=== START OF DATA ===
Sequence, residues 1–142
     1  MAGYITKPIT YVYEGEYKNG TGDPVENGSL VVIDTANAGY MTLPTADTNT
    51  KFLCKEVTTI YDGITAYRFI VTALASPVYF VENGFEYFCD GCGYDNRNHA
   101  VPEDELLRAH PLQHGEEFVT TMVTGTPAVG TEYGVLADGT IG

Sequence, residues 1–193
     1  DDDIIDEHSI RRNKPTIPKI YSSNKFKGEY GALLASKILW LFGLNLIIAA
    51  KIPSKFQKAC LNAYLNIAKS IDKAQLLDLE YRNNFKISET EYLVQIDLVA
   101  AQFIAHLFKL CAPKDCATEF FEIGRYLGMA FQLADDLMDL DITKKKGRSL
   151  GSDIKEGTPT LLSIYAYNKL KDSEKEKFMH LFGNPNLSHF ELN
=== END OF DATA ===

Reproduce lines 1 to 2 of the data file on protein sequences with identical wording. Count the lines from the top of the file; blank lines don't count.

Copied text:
Sequence, residues 1–142
     1  MAGYITKPIT YVYEGEYKNG TGDPVENGSL VVIDTANAGY MTLPTADTNT